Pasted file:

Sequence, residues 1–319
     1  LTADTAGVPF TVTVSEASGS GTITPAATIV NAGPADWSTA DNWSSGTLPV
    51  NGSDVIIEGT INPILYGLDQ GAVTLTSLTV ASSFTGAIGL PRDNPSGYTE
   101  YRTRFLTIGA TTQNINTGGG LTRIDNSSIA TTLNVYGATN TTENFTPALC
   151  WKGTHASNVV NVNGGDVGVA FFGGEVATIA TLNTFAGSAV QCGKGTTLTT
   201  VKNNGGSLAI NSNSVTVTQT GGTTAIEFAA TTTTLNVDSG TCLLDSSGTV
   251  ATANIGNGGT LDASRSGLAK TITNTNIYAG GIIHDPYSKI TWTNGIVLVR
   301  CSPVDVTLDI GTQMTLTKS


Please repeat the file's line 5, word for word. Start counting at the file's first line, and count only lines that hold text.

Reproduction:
   151  WKGTHASNVV NVNGGDVGVA FFGGEVATIA TLNTFAGSAV QCGKGTTLTT